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William DAY [490]
(1776-1840)
Mary [491]
(1773-1847)
James PIKE [3140]
(Cir 1766-1843)
Rachel TUFFIN [5820]
(Cir 1769-Abt 1845)
George DAY [472]
(1804-1878)
Harriet PIKE [473]
(1808-1883)
John DAY [557]
(1849-1907)

 

Family Links

Spouses/Children:
1. Unknown [1528]

2. Mary(Minnie) JONES [777]

John DAY [557]

  • Born: 1849, Semley, Wiltshire, England 1 2
  • Christened: 22 Jul 1849, Semley, Wiltshire, England 3 4
  • Marriage (1): Unknown [1528]
  • Marriage (2): Mary(Minnie) JONES [777] on 19 Dec 1880 in Aberdare, , Glamorgan, Wales
  • Died: 1907, Tylorstown, Ystradyfodwg, Glamorgan, Wales aged 58 1 2
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bullet  General Notes:

John was married before and had Harriet in 1876.(possibly Merthyr Tydfil 11a page 517 June) He possibly had 2 other children before marrying Mary.Living with parents in 1861 and 1871

1861 living at Olivers Farm, Semley next to James and Elizabeth Pike(farmer of 140 Acres employing 4 men and 2 boys)
George Day Ag Lab, abt 1805 Semley, Wiltshire, England Head Semley Wiltshire
Harriett Day abt 1811 Semley, Wiltshire, England Wife Semley
Henry Day abt 1846 Semley. Wiltshire, England Son Semley
John Day, Ag Lab, abt 1850 Semley, Wiltshire, England Son Semley
Mary Janes Day abt 1852 Semley, Wiltshire, England Daughter Semley
Mary Tanswele abt 1826 Norwich, Norfolk, England Lodger Semley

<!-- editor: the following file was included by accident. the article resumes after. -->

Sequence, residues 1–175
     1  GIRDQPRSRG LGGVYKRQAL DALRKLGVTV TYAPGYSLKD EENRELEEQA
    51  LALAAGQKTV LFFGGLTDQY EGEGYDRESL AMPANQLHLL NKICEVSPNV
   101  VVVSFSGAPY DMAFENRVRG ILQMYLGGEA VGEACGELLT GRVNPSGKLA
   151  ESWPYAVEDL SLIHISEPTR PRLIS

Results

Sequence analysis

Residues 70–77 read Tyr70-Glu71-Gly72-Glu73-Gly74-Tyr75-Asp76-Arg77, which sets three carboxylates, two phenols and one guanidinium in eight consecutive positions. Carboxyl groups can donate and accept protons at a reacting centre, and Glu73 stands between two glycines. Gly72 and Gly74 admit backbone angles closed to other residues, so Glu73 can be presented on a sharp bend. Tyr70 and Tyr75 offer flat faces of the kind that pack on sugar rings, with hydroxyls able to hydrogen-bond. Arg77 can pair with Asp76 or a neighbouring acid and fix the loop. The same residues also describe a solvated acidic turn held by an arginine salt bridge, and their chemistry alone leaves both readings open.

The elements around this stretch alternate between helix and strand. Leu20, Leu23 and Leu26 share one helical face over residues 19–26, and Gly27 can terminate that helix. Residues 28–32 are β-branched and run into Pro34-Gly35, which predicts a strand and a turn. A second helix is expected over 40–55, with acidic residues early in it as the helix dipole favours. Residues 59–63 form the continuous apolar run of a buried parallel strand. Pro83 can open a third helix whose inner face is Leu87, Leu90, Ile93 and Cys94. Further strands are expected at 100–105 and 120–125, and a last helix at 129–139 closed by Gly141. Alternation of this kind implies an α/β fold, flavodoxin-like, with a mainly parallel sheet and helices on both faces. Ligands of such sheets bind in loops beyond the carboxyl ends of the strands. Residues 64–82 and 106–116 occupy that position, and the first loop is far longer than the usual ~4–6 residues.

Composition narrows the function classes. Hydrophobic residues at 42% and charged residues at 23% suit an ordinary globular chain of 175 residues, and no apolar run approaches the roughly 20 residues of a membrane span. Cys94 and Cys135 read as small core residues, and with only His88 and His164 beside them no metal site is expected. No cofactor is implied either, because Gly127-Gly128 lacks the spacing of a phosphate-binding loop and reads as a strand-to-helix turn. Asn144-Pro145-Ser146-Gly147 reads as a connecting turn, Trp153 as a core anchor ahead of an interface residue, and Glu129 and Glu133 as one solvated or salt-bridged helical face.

1881 lived at41 Glamorgan Street, Aberdare John Day, b. 1849,Head,Wiltshire, Coalminer
Mary Day, 1852, Cardiganshire, Wife
Harriet Day, 1876, Daughter, Glamorgan
Sarah A Beynon Stepdaughter b.1876,Glamorgan
William J Beynon b. 1874, Stepson Glamorgan

1891 living at 12 East Road, Tylorstown,Ystradyfodwyg, All except John senior, who spoke only English, they spoke both Welsh and English
John Day, b. 1849,Head,Wiltshire, Coal miner
Mary Day, 1852, Cardiganshire, Wife
Sarah A Beynon stepdaughter b.1876,Aberammon Glamorgan
William J Beynon b. 1874, stepson, Aberammon Glamorgan
John Henry Day b.1882, Aberammon, Glamorgan
George Alfred Day, 1883, Tylorstown
Morgan James Day, 1884, Tylorstown
Mary Sephora Day, 1886, Tylorstown
David Washington Day, b 1888, Tylorstown
Robert Sleeman, 1862, Devon, Lodger, Mason

1901 Living at 12 East Road, Tylorstown,Ystrafodwyg
John Day abt 1851 Semley, Wiltshire, England, Head , Coalminer(Hewer)
Morgan Day abt 1884 Ystradyfodwg, Glamorgan, Wales Son, Coal miner (Hewer)
Mary Day abt 1886 Ystradyfodwg, Glamorgan, Wales Daughter
David Day abt 1888 Ystradyfodwg, Glamorgan, Wales Son Assistant Coal miner
Margaret J Day abt 1894 Ystradyfodwg, Glamorgan, Wales Daughter
Rosie Day abt 1895 Ystradyfodwg, Glamorgan, Wales Daughter

Buried in the family plot in Treorchy

Had a neice called Edith Burr. Lived in Bristol and set up the Nursing Home with Auntie May in Hampton Park. Als related are the Blacks in Semley.

Tylorstown
Tylorstown is named after Alfred Tylor a Londoner who purchased the mineral rights of Pendyrus farm in 1872 and sunk the first colliery in the village, also called Pendyrus. In common with the majority of the valley at that time the 1847 tithe map shows only scattered farmhouses, meadows, fields and vast tracks of Oak woods.